Proteins that have been modified by attaching them to a surface or to a polyethylene glycol (PEG) molecule can see many uses in therapeutics and diagnostics -- these unique proteins are called protein devices. Current techniques can perform these functionalizations at a specific residue on the protein, but what remains is identifying what happens to protein structure when mutated, and where to perform the attachment. Both of these issues can be examined using molecular dynamic (MD) simulations. Currently, simulations of the unnatural amino acid (uAA) mutations necessary for protein device functionalization cannot be executed, and full-protein screens of all possible protein device models have never been attempted. Results from this dissertation first employs a new model for simulating PEGylated protein devices building off of previous studies that explore where to attach functional groups. Next, many current assumptions in the community regarding ideal attachment sites are examined. Some of these factors include primary chain location, amino acid type, solvent accessibility, and secondary structure. The focus then turns to novel tertiary structure factors that could influence how well attachment locations affect overall protein device stability. The usefulness of each factor is analyzed to show what factors provided the best predictive power for a site's performance in the screen. A general heuristic is given that could aid in future screens of other protein devices to reduce compute time and quickly identify sites for experimental examination. To explore uAA mutation effects on protein structure, parameters are developed for linear moiety R-groups present in these novel amino acids. The CHARMM and CGenFF force fields currently lack parameters for most linear-angle molecular moieties. This work proposes a method that (1) develops CHARMM parameters for four small molecules that contain terminal azido and alkynyl groups using ffTK, (2) addresses linearity issues, and (3) validates ffTK results via in silico MD simulation. Dihedral analysis examines the linear-angle-containing dihedrals and compares methods for the moiety parameterization. Next, the small molecule parameters are combined with CGenFF to generate parameters for unnatural amino acid MD simulation in a protein. Finally, validation confirms the parameters derived in this work to appropriately simulate unnatural amino acids and small molecules with azido and alkynyl groups.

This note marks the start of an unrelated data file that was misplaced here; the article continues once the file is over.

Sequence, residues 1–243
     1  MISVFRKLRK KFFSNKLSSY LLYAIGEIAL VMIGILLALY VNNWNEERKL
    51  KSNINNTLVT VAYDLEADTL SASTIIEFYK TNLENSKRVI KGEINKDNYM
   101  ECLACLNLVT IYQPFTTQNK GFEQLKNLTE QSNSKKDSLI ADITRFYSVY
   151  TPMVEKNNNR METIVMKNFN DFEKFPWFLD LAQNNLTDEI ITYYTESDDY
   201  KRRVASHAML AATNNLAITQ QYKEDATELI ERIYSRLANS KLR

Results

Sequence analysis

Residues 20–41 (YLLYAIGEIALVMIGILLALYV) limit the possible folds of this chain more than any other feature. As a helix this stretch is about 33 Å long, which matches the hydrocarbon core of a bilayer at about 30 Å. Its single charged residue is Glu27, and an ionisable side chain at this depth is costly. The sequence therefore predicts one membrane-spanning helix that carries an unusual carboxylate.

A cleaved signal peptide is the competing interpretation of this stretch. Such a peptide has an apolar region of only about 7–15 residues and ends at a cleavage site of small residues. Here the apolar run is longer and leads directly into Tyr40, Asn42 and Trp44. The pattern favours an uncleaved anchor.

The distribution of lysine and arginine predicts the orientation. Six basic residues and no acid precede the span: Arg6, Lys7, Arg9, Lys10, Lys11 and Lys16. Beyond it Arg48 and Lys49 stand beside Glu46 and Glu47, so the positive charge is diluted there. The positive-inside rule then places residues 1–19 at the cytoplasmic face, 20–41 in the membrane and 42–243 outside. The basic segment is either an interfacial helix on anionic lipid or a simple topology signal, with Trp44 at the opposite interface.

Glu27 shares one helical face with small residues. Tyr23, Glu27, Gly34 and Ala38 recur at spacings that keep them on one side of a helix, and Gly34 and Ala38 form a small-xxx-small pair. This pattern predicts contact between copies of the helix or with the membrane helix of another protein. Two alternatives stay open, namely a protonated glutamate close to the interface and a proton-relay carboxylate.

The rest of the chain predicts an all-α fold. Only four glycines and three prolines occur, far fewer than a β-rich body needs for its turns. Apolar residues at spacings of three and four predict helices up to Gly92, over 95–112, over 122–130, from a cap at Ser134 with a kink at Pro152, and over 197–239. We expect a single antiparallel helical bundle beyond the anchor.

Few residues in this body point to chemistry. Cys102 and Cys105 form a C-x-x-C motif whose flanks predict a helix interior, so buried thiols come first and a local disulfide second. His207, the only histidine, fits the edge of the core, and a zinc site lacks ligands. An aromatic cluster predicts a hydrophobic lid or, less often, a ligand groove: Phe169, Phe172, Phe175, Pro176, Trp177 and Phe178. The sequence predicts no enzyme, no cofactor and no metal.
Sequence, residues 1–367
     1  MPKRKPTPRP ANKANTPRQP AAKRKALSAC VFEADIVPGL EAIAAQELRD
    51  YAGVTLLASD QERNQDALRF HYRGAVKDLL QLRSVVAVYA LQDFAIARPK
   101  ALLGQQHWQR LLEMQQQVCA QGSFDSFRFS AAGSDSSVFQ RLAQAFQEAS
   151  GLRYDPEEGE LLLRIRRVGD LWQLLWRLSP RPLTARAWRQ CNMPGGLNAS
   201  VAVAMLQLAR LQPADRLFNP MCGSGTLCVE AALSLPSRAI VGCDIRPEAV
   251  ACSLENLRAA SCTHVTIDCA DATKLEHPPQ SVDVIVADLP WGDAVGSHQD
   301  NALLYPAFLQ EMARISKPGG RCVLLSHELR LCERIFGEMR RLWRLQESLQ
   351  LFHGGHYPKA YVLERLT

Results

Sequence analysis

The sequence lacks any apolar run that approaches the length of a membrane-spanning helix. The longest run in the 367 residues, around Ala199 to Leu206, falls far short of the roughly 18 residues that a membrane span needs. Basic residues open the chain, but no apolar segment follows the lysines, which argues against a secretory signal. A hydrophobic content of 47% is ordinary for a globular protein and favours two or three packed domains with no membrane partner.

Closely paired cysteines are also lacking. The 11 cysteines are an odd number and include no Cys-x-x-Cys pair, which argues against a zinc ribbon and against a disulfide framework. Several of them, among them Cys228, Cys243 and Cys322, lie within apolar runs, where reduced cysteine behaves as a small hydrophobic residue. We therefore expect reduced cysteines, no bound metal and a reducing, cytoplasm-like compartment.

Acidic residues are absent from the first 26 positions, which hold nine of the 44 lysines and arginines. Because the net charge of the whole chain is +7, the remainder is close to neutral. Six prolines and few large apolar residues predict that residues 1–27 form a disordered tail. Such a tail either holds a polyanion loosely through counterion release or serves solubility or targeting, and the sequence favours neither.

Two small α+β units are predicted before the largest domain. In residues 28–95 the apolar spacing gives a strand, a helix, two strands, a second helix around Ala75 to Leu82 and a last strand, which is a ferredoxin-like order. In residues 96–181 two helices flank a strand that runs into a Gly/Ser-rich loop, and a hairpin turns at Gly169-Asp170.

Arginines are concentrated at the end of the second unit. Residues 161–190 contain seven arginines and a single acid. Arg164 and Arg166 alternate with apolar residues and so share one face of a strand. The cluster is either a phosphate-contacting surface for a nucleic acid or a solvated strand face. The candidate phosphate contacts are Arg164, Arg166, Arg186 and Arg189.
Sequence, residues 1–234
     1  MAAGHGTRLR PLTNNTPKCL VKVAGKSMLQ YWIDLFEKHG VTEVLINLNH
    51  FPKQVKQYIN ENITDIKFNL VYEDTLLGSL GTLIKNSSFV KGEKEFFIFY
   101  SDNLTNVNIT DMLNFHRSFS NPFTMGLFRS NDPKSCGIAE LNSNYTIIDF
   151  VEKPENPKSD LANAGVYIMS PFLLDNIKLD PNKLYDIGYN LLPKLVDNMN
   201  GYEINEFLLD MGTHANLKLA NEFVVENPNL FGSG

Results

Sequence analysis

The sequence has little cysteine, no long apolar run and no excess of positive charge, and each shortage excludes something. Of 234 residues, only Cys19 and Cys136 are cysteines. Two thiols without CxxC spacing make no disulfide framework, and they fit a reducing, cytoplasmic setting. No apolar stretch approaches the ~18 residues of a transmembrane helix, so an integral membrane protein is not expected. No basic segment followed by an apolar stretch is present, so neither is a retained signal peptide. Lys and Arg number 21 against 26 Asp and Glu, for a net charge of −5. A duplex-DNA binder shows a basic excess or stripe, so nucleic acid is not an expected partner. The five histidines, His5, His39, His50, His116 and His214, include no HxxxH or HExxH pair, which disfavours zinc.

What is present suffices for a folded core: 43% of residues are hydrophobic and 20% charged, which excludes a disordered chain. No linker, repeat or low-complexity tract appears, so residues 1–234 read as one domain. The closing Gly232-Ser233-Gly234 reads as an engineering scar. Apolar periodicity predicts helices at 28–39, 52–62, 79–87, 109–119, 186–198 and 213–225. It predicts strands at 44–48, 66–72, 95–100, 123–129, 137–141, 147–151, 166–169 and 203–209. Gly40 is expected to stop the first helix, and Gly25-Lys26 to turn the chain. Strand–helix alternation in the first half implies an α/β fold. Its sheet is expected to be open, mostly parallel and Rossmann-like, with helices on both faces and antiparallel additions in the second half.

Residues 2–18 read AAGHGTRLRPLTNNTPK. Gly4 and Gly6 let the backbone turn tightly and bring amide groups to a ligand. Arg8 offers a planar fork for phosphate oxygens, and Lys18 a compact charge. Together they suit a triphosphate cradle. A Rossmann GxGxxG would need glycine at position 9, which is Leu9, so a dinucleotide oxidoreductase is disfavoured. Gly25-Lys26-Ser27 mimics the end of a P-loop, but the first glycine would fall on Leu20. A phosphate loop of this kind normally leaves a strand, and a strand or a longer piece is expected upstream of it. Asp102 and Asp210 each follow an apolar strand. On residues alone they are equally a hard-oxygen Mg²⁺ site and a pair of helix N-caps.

College and Department
Ira A. Fulton College of Engineering and Technology
BYU ScholarsArchive Citation
Smith, Addison Kyle, "Molecular Dynamic Simulation of Protein Devices and the Parameterization of Azides and Alkynes for Use in Unnatural Amino Acid Models" (2021). Theses and Dissertations. 8787.
Protein device, CHARMM, unnatural amino acid, protein, simulation, molecular dynamics, parameterization, azide, alkyne